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Mary Boone sentenced to 30 months in prison for tax fraud

Plus: Radical Matriarchy group protests outside National Gallery of Art in Washington | National Endowment of the Arts announces more than $27m in grants | and recommended reading

15 February 2019

Our daily round-up of news from the art world

Mary Boone sentenced to 30 months in prison for tax fraud | The New York art dealer Mary Boone was sentenced to 30 months in prison for tax fraud in New York’s Southern District Court yesterday. Boone, who pleaded guilty to evading approximately $3m in taxes in September of last year, apologised in court to her family and colleagues and stated that she had resigned from several organisations including the Art Dealers Association of America. Her sentence includes one year of supervised release and when it is completed she will serve 180 hours of community service, to be spent working with the New York Department of Education on education programmes in the visual arts for children.

Radical Matriarchy group protests outside National Gallery of Art in Washington | The art group Radical Matriarchy staged a protest outside the National Gallery of Art in Washington yesterday calling for greater diversity in the museum’s collection. The group claims that 90 per cent of the works at the NGA are by white men, a statistic taken from a study conducted by the Public Library of Science in 2018. Radical Matriarchy held a similar protest last year at the Metropolitan Museum of Art in New York.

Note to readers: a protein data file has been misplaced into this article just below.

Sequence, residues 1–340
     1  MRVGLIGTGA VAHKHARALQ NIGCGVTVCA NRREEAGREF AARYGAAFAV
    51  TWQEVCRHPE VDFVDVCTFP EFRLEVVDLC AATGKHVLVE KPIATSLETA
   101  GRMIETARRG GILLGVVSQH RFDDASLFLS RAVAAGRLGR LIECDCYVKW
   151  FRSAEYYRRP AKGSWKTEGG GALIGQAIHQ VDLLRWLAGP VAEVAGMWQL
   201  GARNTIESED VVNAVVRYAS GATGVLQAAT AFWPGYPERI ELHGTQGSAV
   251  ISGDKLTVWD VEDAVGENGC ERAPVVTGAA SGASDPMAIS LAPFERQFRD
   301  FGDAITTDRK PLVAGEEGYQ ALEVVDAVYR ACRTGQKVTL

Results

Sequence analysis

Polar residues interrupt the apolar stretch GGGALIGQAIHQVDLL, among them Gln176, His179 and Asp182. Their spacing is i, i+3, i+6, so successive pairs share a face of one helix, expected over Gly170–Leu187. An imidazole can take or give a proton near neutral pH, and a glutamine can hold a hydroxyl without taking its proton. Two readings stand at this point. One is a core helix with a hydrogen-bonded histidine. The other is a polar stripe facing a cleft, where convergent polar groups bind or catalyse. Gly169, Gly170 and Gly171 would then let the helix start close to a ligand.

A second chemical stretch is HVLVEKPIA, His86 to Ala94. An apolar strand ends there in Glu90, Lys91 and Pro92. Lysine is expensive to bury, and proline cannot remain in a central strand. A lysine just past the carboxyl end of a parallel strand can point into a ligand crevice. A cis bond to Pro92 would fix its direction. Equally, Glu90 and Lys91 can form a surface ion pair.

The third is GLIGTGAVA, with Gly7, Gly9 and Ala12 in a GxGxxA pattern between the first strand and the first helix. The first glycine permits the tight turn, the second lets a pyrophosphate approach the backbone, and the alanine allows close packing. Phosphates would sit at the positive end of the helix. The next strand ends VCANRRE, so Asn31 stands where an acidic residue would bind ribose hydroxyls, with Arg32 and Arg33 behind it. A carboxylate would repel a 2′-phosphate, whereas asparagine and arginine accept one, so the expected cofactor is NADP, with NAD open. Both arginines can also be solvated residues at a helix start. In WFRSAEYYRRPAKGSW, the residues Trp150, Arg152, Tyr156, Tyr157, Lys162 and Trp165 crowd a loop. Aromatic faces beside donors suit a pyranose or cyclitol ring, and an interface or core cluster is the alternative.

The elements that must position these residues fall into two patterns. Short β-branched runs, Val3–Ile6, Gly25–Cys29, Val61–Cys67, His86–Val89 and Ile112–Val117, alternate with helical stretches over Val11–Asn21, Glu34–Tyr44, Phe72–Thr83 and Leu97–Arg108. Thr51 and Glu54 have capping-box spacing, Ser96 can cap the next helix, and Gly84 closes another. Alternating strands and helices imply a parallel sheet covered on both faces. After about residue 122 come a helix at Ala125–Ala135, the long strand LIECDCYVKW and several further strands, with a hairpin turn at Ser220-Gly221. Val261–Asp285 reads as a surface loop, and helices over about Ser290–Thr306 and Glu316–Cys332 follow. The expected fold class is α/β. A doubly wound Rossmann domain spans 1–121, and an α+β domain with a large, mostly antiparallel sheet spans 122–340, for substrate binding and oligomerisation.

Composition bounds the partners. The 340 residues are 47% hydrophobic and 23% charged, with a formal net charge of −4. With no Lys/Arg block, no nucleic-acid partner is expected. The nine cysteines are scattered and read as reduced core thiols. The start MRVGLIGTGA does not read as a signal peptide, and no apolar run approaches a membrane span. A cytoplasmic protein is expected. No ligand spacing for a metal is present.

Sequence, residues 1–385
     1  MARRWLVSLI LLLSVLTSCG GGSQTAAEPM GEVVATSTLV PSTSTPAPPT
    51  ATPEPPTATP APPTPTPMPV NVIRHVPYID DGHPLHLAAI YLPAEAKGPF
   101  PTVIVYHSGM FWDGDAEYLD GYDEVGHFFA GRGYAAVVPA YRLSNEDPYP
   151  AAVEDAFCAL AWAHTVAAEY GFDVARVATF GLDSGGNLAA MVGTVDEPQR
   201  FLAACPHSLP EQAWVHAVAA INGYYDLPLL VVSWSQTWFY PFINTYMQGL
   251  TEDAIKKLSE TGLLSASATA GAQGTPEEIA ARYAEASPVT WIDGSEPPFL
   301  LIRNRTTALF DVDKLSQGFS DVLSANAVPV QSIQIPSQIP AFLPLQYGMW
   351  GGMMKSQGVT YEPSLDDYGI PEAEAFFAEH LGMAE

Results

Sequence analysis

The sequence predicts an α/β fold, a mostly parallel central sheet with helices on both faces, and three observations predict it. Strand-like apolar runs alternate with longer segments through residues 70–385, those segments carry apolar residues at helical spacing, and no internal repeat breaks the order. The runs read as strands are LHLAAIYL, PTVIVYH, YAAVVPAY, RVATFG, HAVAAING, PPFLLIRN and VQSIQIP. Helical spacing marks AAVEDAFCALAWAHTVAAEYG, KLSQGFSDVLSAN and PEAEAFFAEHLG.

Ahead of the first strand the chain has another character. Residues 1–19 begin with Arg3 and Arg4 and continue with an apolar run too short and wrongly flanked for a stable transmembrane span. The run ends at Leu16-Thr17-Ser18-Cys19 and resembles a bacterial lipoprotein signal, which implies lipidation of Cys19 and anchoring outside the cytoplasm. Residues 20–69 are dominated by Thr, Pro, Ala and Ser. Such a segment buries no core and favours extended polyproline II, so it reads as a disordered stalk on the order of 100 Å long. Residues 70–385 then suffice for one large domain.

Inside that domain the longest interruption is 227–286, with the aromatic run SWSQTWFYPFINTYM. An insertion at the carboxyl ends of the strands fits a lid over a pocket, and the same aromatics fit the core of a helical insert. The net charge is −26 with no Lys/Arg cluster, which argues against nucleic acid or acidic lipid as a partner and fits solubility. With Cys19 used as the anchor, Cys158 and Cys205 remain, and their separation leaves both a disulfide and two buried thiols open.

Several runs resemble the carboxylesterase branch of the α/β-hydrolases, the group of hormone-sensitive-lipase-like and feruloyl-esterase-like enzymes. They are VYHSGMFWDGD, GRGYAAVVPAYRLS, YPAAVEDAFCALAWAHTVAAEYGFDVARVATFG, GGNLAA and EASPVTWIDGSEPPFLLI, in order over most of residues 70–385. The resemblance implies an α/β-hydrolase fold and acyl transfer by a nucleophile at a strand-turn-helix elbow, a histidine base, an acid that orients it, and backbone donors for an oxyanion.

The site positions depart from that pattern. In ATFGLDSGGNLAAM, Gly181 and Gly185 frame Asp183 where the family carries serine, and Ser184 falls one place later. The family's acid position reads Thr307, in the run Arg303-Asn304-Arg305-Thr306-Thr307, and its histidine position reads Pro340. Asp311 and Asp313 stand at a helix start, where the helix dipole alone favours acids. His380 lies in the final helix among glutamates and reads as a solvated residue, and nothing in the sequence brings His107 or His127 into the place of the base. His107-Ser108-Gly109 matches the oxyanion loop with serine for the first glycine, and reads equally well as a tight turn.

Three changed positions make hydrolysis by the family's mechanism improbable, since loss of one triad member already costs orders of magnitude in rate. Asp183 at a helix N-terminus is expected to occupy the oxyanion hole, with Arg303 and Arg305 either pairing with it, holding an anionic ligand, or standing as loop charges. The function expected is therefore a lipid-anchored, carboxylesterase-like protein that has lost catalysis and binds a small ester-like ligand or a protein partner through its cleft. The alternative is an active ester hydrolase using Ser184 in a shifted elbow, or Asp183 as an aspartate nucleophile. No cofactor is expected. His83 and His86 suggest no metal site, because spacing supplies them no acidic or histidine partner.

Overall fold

National Endowment of the Arts announce more than $27m in grants | The National Endowment of the Arts (NEA) has announced more than $27m in grants to be shared across the country. Nine hundred and seventy-two grants have been made through the Art Works program, with funds going towards arts education, publications and cultural festivals among other causes. A further 138 grants were made via Challenge America, which supports organisations bringing the arts to marginalised communities. A full list of recipients can be found via the NEA website.

Recommended reading | Annie Leibovitz talks to Lane Florsheim of the Wall Street Journal about returning to her early work for an exhibition at Hauser & Wirth in LA. Charlotte Burns speaks to Sir Nicholas Serota about the future of arts and culture in England after Brexit for in other words.  On artnet, Eileen Kinsella summarises the findings from Christine J. Vincent’s recent report The Artist as Philanthropist: Strengthening the Next Generation of Artist-Endowed Foundations.

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